ECONOMYNEXT – Sri Lankan transport providers are grappling with practical issues and ethical dilemmas as diesel prices shot up by 45 percent in the second week of March. With schools and offices starting work at full capacity from Monday (14), the situation seems bleak for all parties involved.
An office transport service provider whose route begins from Panadura to the World Trade Center (WTC) in Colombo told EconomyNext that drivers are considering price increments proportional to the diesel price hikes.
‘’Diesel prices increased by one third so travel fees will be increased from 1,800 to 2,000 rupees,” he said.
‘’People will definitely stop coming in the van. I am expecting that, but I have no other choice,’’ he added.
Another transport provider who spoke to EconomyNext said: ‘From an ethical standpoint, we can’t raise fees. The majority of firms are not increasing salaries of employees so it is not fair to go for a higher fee structure.’’
Sri Lanka is currently going through one of the worst financial crises in the country’s history, with dwindling foreign exchange reserves severely impacting essential imports. The state-owned Ceylon Petroleum Corporation (CPC) raised petrol (Octane 92) by 77 rupees and (auto) diesel by 55 rupees last Friday (11), after the island nation’s central bank’s flexible exchange rate resulted in near 30 percent depreciation in the currency within three days.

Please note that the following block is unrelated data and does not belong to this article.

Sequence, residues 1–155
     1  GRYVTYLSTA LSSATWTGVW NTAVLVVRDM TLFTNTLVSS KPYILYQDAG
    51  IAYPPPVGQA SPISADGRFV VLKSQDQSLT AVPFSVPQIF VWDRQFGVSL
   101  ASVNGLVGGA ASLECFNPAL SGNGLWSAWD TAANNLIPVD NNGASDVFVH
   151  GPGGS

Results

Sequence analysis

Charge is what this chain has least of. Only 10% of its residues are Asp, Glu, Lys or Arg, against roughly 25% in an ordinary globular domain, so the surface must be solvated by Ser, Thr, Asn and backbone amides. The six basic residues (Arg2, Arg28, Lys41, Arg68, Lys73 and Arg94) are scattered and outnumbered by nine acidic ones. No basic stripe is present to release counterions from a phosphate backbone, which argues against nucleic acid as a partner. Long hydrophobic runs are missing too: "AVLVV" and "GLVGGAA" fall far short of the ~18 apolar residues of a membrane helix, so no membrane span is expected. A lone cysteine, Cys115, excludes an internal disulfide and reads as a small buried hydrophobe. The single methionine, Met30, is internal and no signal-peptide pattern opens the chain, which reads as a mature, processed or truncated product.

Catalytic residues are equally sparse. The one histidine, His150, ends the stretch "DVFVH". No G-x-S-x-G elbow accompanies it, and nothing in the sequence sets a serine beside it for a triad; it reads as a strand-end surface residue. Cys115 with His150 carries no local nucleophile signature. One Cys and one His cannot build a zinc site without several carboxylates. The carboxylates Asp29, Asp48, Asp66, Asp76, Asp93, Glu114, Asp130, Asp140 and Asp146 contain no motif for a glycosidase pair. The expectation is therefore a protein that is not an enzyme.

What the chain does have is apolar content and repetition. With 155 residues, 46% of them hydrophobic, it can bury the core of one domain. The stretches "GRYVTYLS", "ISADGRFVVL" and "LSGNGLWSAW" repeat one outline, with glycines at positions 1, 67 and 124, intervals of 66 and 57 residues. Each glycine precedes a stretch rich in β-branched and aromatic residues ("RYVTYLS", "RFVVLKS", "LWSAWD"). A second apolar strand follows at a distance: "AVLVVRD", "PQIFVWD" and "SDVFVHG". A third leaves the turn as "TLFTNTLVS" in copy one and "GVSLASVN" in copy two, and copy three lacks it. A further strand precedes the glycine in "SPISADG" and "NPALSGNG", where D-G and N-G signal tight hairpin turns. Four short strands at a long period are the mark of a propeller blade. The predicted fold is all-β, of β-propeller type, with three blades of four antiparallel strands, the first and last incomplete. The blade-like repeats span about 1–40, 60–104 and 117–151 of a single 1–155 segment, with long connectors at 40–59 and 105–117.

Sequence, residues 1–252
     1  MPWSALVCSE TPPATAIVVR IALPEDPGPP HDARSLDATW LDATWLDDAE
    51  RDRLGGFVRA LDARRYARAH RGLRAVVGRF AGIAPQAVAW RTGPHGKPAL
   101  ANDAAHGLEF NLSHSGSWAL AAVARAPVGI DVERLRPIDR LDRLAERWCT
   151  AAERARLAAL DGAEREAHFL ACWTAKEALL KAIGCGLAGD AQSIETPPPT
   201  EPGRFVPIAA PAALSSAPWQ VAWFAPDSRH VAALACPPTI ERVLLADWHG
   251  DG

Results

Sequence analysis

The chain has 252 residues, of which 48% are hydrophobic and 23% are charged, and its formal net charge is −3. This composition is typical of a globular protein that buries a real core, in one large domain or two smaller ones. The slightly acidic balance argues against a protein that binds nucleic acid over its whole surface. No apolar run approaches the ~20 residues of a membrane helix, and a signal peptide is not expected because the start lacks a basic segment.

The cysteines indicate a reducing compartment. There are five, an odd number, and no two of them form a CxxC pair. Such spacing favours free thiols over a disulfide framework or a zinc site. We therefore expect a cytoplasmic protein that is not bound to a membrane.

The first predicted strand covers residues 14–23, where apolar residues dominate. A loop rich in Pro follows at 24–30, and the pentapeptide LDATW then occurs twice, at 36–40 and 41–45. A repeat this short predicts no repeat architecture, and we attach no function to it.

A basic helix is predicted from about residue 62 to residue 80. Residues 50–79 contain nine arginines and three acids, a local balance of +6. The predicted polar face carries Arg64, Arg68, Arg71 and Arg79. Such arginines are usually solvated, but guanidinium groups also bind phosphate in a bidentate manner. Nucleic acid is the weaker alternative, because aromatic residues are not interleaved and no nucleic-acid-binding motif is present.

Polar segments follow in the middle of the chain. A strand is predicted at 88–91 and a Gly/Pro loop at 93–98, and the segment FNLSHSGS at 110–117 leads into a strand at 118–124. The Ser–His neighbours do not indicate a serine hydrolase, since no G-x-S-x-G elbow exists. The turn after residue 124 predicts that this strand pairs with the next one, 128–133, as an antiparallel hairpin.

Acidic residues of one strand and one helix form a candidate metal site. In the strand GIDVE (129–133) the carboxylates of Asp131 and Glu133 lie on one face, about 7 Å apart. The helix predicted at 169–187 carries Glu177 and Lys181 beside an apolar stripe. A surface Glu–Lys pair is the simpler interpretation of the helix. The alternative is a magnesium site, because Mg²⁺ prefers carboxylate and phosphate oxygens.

The move came a day after Lanka IOC, the Indian Oil Corporation unit in Sri Lanka, raised petrol and diesel prices by 50 rupees and 75 rupees respectively to minimise its losses from rupee fall and rise in global oil prices.
As the country eases COVID-19 restrictions and more workers are asked to physically report to work, the price increases are leaving some transport service providers unable to make up their mind.
“We are no longer able to work from home. Transportation cost is a big chunk of my salary and with all these price increments, I will have to choose between going bankrupt or walking to work,’’ one office worker said on the condition of anonymity.
Schools also reopened in full capacity on Monday, and school van drivers remain undecided on whether or not to increase prices according to the fuel hikes.
“The All Island School Van Operators Association (AISVOA) has advised us to implement a 40 per cent increment. But looking at the ethical side, we simply cannot ask the parents to pay that much because it is a massive increase,” says a school van driver whose route takes him from Maththegoda to Colombo.
“I am running on old fuel. The price is high – even if we can pay, there’s no guarantee we’ll be able to run the next day. Many people have had to stop the service,” he added.
Many transport providers said that the current fee increments only take into account the price hikes of diesel, and not the increasing prices of spare parts, tyres and other accessories.
“If we think about everything we need at this time, the price increase will be unmanageable for people,” one transport provider said.
The minimum bus fares for private buses were also increased by 15 per cent on Monday.
A member of the Ceylon Private Bus Owners’ Association told EconomyNext: “Normally I drive from Maharagama to Colombo, but yesterday I only did one round. That too was during peak hours. I think many people will implement that system as it is more convenient to everyone and helps preserve diesel in the long run.”
Meanwhile, Gemunu Wijeratne, Ceylon Private Bus Owners’ Association President, said: ‘’Due to the fuel shortage the buses in operation were limited to 15 to 25 per cent.” (Colombo/Mar15/2022)